Louise O’Neill: ‘I try and constantly cut back on the excess in my writing’
‘Writing is the way in which I can make sense of the world. I always say that I feel like a shadow, a spectre at the feast when I am not writing. I write myself back into existence’
Louise O’Neill: I don’t have a child but I think I would really enjoy reading Where the Wild Things Are to them. Of course, my child would be such a genius they would emerge from the womb already able to read, so my skills would be redundant. Photograph: Anna Groniecka
What was the first book to make an impression on you?
The first book that I remember making an indelible impression on me was The Handmaid’s Tale by Margaret Atwood. I’m a voracious reader so it takes a lot for a book to capture my imagination the way it did. I felt changed in some integral way after I finished it. It was my first proper introduction to the ideas of feminism and has shaped the way I view the world.
What was your favourite book as a child?
I loved Roald Dahl, the Narnia series, and anything by Enid Blyton. The Magic Faraway Tree was a particular favourite. As a pre-teen, the Sweet Valley High books and The Babysitter’s Club series were an obsession.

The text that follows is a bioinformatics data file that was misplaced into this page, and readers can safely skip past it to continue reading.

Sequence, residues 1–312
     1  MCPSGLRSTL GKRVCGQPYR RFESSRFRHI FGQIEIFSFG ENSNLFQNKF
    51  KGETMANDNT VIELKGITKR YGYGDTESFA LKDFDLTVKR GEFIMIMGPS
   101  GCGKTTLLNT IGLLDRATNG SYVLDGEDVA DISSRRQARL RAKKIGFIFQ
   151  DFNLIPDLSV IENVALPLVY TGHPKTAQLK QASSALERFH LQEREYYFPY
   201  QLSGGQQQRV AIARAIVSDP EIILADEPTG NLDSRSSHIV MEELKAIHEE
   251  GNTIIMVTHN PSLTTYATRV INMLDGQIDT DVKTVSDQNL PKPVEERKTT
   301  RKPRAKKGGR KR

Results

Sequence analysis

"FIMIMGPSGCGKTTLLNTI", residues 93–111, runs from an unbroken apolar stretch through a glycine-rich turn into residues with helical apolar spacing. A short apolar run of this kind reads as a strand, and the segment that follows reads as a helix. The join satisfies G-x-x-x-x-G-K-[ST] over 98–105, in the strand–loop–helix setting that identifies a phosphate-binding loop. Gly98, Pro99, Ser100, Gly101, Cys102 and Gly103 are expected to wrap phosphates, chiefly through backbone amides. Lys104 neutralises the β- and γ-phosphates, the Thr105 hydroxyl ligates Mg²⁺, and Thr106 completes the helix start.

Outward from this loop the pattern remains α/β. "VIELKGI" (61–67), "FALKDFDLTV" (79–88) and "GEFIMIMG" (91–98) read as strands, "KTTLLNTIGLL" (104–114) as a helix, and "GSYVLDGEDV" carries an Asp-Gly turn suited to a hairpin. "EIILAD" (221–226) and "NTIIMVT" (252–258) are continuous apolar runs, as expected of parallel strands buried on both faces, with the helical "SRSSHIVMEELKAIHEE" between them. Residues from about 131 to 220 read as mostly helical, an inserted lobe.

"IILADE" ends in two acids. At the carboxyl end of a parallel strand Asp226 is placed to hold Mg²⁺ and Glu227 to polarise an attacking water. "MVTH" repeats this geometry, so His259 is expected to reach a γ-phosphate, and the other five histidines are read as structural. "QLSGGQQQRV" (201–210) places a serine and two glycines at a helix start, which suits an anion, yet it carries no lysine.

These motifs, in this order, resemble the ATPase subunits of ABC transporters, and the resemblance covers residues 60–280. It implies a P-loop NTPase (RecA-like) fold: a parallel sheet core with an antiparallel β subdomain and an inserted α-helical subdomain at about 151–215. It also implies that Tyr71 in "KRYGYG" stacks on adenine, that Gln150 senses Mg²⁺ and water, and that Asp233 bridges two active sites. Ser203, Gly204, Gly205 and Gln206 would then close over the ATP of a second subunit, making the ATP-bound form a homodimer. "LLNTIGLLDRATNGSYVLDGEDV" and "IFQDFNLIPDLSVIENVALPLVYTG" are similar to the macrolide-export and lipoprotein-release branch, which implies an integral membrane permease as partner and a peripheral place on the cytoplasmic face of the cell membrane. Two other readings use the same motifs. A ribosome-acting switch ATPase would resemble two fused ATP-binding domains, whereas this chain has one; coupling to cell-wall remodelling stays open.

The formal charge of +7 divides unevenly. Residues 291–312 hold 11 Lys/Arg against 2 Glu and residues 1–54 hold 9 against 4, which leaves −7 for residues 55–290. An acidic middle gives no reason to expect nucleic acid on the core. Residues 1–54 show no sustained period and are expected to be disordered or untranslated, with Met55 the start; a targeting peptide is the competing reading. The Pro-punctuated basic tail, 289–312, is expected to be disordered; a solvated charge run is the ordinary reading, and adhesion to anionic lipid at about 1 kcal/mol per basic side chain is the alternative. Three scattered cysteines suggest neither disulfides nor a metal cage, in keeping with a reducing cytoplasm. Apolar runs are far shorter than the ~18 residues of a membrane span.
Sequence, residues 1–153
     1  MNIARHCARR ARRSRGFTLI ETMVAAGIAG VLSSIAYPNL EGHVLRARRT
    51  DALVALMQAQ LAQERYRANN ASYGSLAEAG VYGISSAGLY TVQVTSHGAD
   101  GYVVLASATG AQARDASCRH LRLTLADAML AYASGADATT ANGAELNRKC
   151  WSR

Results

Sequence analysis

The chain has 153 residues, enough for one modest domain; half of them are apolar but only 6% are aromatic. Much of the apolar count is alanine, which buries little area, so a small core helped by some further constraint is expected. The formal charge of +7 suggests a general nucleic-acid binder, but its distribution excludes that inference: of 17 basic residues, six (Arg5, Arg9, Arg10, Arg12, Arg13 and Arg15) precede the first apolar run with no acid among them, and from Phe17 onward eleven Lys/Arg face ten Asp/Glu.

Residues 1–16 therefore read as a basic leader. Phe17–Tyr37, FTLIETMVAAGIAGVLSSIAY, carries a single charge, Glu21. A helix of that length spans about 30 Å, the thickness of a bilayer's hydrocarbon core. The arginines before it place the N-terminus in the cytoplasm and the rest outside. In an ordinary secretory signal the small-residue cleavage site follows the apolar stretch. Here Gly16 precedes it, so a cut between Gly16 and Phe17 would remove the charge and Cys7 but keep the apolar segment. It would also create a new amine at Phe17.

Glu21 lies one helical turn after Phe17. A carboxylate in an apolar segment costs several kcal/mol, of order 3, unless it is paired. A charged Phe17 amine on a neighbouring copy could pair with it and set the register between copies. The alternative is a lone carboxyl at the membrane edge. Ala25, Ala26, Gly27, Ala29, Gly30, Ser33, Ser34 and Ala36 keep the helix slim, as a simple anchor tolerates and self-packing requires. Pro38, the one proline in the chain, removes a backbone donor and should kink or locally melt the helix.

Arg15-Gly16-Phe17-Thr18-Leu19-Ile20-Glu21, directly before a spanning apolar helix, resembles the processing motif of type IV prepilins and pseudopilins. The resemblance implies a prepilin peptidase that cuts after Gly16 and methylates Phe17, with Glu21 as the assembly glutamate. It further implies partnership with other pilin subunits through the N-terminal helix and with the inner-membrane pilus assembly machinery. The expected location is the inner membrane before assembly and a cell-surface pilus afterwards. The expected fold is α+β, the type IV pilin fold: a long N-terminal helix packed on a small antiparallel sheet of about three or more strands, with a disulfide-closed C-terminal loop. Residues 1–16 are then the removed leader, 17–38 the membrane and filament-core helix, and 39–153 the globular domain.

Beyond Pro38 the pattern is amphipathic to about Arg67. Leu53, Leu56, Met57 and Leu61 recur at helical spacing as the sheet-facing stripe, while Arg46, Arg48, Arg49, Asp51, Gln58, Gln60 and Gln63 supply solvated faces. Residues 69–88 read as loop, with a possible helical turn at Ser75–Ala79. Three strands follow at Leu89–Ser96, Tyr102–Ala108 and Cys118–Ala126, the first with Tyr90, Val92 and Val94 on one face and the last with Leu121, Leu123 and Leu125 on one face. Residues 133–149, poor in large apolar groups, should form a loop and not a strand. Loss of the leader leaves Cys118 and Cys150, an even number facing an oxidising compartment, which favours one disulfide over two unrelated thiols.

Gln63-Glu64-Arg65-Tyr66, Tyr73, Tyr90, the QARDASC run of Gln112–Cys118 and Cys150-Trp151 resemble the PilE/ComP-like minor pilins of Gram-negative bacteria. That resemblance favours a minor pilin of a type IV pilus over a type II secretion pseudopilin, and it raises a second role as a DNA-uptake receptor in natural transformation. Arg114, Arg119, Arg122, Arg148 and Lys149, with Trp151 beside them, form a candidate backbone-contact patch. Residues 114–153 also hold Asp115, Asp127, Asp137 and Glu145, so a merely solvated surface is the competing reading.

And what is your favourite book or books now?
Oh, I have so many. The Secret History by Donna Tartt, Skippy Dies by Paul Murray, Amongst Women by John McGahern, Prep by Curtis Sittenfeld, The Bloody Chamber by Angela Carter, Oryx and Crake by Margaret Atwood, The Awakening by Kate Chopin, Your Voice in my Head by Emma Forrest, Oranges are not the Only Fruit by Jeanette Winterson, The Bell Jar by Sylvia Plath.
What is your favourite quotation?
“That’s one of the reasons I never wanted to get married. The last thing I wanted was infinite security and to be the place an arrow shoots off from. I wanted change and excitement and to shoot off in all directions myself, like the colored arrows from a Fourth of July rocket.” Sylvia Plath, The Bell Jar
Who is your favourite fictional character?
Like any bookish teenager, I’m going to have to say Jo March in Little Women.
Who is the most under-rated Irish author?
Marian Keyes, without a shadow of a doubt. If she was a man, she would be lauded for tackling such serious subjects while still managing to make the reader laugh out loud. She makes it look so easy – which it is not.
Which do you prefer – ebooks or the traditional print version?
I’m travelling so much at the moment that it’s easier to read on my Kindle but I will always prefer a print version. I’m one of those people who likes to go into bookshops just to get that “new book smell”.
What is the most beautiful book you own?
A Monster Calls by Patrick Ness. The illustrations are truly stunning.
Where and how do you write?
I write in a spare bedroom in my parents’ home. I wear my pyjamas, bed socks, and my dad’s old fleece, and my dog sits on my lap. I like to be at my desk by 7am at the very latest.